The Australian Communications and Media Authority
(ACMA) has found that the Southern Phone Company
Limited (SPC) breached various obligations by
inadvertently removing the silent number classification from its
customer records when uploading customer data to the Integrated
Public Number Database (IPND).
An investigation into the conduct of SPC was commenced by the
ACMA following complaints from two SPC customers alleging that
their unlisted telephone numbers had been published online.
The ACMA's investigation concluded that SPC had failed to
protect the unlisted numbers and associated name and address
details of 3,854 residential SPC customers by incorrectly
classifying them as listed numbers when it submitted data uploads
to the IPND manager on 18 March and 15 April 2013. SPC's
incorrect classification of customer's telephone numbers
directly resulted in the personal information of those persons
being published in the IPND and some regional directories. The
IPND, a telecommunications industry wide database, stores
information about Australian phone services including the phone
numbers, names and addresses of telco customers. The IPND is a
critical source of information for the emergency services,
emergency alert system and law enforcement and national security
agencies and as such the provision and maintenance of accurate IPND
data is a paramount obligation of carriage service providers under
the Telecommunications Act 1997 (Cth)
Upon becoming aware of the publication, SPC notified all
affected customers and offered customers a free change of number,
and assisted with the ACMA investigation.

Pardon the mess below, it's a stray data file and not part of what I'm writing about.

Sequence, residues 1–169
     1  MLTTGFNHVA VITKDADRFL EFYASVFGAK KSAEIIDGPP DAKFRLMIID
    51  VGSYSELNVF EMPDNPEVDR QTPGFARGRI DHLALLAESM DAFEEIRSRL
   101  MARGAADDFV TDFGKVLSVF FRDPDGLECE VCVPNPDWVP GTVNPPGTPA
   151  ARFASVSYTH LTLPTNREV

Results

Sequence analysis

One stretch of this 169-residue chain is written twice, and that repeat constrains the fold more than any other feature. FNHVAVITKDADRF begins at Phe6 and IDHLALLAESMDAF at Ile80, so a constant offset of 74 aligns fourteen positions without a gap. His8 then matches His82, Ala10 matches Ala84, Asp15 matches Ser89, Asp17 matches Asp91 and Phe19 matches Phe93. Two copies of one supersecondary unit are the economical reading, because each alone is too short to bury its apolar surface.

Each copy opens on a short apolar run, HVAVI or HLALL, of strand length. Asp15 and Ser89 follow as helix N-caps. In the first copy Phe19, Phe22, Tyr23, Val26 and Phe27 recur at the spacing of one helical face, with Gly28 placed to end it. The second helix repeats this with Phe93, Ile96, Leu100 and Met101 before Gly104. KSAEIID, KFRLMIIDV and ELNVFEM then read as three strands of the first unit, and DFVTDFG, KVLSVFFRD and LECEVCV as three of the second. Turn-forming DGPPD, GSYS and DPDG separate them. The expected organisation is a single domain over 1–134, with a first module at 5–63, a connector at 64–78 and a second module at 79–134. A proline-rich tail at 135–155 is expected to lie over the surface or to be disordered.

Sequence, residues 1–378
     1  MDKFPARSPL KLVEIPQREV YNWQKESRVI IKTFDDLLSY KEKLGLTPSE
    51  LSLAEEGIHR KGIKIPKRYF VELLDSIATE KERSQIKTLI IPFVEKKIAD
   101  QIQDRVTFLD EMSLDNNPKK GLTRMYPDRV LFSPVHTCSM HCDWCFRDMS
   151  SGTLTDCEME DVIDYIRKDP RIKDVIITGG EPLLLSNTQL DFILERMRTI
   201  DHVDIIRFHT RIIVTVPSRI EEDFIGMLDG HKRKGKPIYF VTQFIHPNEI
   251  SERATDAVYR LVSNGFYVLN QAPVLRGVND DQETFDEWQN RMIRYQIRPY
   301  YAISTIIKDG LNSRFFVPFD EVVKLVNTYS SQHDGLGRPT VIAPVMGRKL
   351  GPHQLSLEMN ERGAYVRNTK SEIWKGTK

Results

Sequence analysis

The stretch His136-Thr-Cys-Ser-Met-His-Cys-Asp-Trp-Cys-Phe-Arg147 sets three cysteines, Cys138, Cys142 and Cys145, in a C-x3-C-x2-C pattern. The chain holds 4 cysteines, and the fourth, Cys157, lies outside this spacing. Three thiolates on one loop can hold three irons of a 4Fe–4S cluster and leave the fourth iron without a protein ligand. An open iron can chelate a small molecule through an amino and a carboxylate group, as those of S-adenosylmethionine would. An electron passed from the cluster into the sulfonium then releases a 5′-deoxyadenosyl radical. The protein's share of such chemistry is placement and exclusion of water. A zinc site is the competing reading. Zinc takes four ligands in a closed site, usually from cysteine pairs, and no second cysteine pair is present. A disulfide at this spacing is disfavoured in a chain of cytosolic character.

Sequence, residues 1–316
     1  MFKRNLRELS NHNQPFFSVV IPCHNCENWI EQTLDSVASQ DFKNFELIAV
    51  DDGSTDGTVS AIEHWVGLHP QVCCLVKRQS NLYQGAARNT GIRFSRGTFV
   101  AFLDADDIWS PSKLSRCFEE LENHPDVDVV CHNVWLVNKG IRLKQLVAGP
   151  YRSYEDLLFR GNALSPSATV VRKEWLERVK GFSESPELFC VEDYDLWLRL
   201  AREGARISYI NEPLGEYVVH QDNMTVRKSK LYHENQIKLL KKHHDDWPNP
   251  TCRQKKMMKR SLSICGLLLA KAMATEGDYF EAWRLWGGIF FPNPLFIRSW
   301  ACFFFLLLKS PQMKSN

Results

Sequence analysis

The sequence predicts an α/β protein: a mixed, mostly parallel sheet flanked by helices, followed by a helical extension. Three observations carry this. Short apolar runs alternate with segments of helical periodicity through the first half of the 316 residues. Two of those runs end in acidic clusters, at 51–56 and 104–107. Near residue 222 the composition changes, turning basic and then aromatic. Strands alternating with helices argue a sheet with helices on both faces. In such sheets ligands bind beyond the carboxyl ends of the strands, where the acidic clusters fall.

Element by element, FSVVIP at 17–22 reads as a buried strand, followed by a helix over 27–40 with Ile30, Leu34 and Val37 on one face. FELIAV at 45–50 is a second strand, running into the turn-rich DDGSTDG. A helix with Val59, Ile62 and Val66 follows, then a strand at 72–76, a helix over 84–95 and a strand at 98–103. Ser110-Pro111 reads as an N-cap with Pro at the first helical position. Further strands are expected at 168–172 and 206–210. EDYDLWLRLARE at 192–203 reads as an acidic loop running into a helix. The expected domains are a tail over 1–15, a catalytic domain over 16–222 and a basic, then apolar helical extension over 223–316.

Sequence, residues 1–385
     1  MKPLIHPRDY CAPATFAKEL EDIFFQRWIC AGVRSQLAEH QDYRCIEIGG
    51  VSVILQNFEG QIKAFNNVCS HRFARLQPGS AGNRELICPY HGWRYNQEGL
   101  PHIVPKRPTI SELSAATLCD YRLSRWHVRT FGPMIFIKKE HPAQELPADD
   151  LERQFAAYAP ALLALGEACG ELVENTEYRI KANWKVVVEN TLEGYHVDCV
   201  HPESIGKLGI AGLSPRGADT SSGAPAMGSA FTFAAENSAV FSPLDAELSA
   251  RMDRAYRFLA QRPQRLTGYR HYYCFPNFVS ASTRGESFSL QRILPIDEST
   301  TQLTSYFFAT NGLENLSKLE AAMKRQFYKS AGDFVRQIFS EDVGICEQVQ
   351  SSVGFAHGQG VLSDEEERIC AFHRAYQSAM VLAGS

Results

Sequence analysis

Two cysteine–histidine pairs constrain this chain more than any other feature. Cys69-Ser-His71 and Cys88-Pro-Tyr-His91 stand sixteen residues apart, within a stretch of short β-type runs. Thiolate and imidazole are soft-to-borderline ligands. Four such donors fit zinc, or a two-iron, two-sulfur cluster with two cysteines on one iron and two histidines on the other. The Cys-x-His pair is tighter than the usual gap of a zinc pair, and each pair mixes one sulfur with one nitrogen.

The ACMA was satisfied that SPC's conduct contravened:
subsection 101(1) of the Act and clause 5.12 of the
Integrate d Number Database (IPND) Industry Code, by
failing to ensure the information provided to the IPND manager was
accurate, complete and current.
clause 4.6.3 of the Telecommunications Consumer Protections
Code (TCP Code), by failing to ensure that a
customer's personal information is protected from unauthorised
use or disclosure.
In response to its findings, the ACMA has issued a direction to
SPC to comply with the TCP Code. In addition, SPC has given an
enforceable undertaking to the ACMA to ensure that it complies with
its obligations under the Act.
SPC's commitments pursuant to the undertaking include
improving and updating its data collection, including how silent
numbers are flagged in its system, instigating comprehensive
internal and external audit of its processes, implementing
comprehensive training and education programs for SPC staff in
regards to collecting, storing and correcting client data and
providing comprehensive reports to the ACMA.
Failure by SPC to comply with the enforceable undertaking
exposes SPC to legal action in the Federal Court.
SPC is not the only telco found to have disclosed the silent
numbers of its customers. In 2014, the Office of the Australian
Information Commissioner (OAIC) and the ACMA found that Telstra had
failed to adequately protect the personal information of its
customers by allowing the information of 15,775 Telstra customers,
including the information of 1,257 silent line customers, to be
accessible on the internet. The information included full names,
addresses and phone numbers.
Optus also entered into an enforceable undertaking with the
OAIC earlier this year relating to data breaches including the
disclosure of approximately 122,000 silent numbers.
The ACMA notes that it had consulted with the OAIC during the
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